We might have a better idea of correllating the ancestral and derived versus the sample age if there were more reads for the I1 SNPs in SF11's BAM file, which would help lock down if SF11 was a transition between I and I1 or a brother lineage that didn't make it, but unfortunately SF11 is no call for more than 290 of the I1 SNPs (>93%), so it's difficult to say with any certainty.

Of the other pre-I1 samples that I'm aware of that have a mixture of derived and ancestral I1 SNPs, there are two in a couple of the recent ancient Iberian papers:

BAL051 from "Survival of Late Pleistocene Hunter-Gatherer Ancestry in the Iberian Peninsula" Villalba-Mouco et al., 2019, Current Biology 29, 1–9; Derived SNPs: Z2699 2C, Z2751 2A, Z2869 1G, Z2885 1T, Z2887 1T, CTS7751 1T, Z2812 1T, Z2860 1A, L124 1C, CTS4532 1A, Z2724 2G, FGC2441 2G, CTS10140 1A. Ancestral SNPs:Z2886 1T, Z2679 1T, Z2727 1C, Z2850 1A, Y1962 4T, P40 1C, Z2747 1A, FGC2422 1C, CTS3506/Z2765 1A, FGC33327 1T, CTS11534 1A, Y1863 1T, L848 2C, FGC2433 1G, Y1950 1C, FGC2427 1C, Y1932 1A, Z2870 1T, S22865 1G, Z2806/CTS6765 1T.

Car1 from "The genomic history of the Iberian Peninsula over the past 8000 years" Olade et al 2019, Science 363, 1230–1234; Derived I1 SNPs: Z2699 1C, Z2880 3A, Z2729 1T, Z2779 1C, CTS10338 1C, Z2885 1T, V5190/Z2742 1A, CTS11036/Z2863 1T, Z2730 1G, Z2720 1T, Z2887 1T, Z2847 1T, CTS1739 1G, Y1950 CGGA, Z2852 1T, CTS6022 1A, CTS4532 1A, Z2859 2A, Z2695 1T; Ancestral I1 SNPs: L840 1C, FGC7747 1T, Z2718 2C, Z2679 2T, Z2727 3C, CTS6140 1T, Y1872 1G, Z2747 1A, CTS11042 2T, Z2826 1T, Z2858 1G, V5203 2G, CTS11534 1A, Y1863 3T, CTS8394 1G, Z2825 1G, L848 1C, CTS9486 1G, Z2705 1C, Z2790 1G, Y1860 1A, Y1871 1C, FGC2427 1C, L764 1C, L1439 2C 1G (ambiguous, but likely ancestral), Z2870 1T, CTS9487 1G, Z2775 1G, CTS9368 2T, Y1876 1T,Z6116 1A, Z2832 2G, CTS7386 1T, CTS8708 1T, FGC2462 1C - also one SNP that has a mutation at the described position for FGC2445, but to a different nucleotide (1A rather than T).

There are a few more that are not enough information to tell. Three samples (RISE175, RISE179, RISE210) from the Allentoft 2015 paper have some derived I1 SNPs, but are low coverage and >97% of the I1 SNPs are not read, so could have some that are ancestral, or could be all derived - there's no way to tell. BAB5 from Szécsényi-Nagy 2014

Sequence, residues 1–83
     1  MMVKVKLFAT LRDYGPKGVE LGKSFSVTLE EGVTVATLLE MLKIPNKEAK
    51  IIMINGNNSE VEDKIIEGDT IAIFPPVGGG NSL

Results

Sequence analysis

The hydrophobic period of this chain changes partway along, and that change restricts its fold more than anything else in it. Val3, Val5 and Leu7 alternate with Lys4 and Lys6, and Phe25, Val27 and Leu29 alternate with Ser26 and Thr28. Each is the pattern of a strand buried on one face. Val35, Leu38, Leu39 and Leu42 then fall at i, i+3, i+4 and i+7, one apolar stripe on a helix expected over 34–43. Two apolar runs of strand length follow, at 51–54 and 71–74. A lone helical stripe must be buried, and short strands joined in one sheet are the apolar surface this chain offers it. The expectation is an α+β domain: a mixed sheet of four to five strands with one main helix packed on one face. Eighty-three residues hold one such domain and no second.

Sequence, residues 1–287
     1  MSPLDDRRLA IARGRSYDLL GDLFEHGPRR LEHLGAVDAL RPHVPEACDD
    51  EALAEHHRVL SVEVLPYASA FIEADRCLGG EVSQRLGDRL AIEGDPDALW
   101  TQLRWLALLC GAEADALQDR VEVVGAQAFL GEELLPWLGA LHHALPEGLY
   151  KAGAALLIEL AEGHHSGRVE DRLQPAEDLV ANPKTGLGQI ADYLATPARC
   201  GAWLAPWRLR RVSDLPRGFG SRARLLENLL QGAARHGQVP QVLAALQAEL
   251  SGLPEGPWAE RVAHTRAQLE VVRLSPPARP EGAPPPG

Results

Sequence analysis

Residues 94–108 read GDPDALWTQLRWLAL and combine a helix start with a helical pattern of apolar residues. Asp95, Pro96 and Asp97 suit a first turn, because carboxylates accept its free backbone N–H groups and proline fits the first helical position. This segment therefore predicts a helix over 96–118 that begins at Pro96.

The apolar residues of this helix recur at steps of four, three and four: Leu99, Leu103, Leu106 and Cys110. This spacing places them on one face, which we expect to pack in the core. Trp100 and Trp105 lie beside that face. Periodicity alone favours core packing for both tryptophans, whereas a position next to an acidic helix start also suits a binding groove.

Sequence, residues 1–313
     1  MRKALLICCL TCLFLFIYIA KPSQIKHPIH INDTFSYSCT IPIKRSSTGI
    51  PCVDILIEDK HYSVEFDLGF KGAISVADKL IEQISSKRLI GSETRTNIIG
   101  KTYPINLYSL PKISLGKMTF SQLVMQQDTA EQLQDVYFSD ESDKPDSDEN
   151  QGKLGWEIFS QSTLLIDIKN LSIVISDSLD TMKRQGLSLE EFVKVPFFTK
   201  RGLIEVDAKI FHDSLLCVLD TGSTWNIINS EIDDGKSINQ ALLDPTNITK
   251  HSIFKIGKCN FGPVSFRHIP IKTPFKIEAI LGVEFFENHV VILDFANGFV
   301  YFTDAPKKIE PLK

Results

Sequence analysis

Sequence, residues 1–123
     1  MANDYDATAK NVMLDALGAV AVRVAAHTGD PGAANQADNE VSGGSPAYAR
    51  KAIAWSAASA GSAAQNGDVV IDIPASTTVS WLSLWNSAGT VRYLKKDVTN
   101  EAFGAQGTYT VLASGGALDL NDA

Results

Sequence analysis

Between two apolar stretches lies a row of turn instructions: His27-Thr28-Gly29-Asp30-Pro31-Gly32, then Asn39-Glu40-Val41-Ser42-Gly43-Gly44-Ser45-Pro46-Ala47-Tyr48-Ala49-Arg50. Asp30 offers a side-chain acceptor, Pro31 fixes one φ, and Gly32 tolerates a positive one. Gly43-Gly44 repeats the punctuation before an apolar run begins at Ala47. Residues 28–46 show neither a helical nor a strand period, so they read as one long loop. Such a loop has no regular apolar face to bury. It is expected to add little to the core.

only had a single SNP (M253) relevant to I1 tested, but predates the TMRCA of modern I1, so was probably a mix of derived and ancestral I1 SNPs. But there's no way to tell with the information we have.

Also, check out my Ancient I1 samples map - I include SNP calls from all the ancient I1 samples that I'm aware of. The confirmed pre-I1 (mixture of derived and ancestral I1 SNPs) are on the map in black with skull and crossbones while the uncertain ones are brown with a "?" - link to the map in my signature.

artemv
09-30-2019, 06:25 PM
Regarding SF11, I wouldn't say there's enough strong evidence to say this is a good candidate for an ancestor of modern Scandinavian I1. I think it's more likely that SF11 is representative of an extinct lineage that didn't result in the modern I1, but they would share a common ancestor, although the available data really isn't conclusive enough so could be either. I'd add that SF11 has several derived SNPs that are associated with other haplogroups and not found in modern I1 individuals, but as you say some of these might be due to contamination and some might be due to DNA damage such as deamination.
Of course we cannot know for sure about each individ if it is exactly on the branch going to modern happlogroups or somewhere near. But given its time and location we can suppose that the example is on or somewhere near the branch leading to modern I1.
I usually check files for a high number of SNPs, I've cheked SF11 for all the SNPs in trunk tree, I1 and I2 tree, and results always contain some noise, approximately one of 30-40 SNPs is usually false.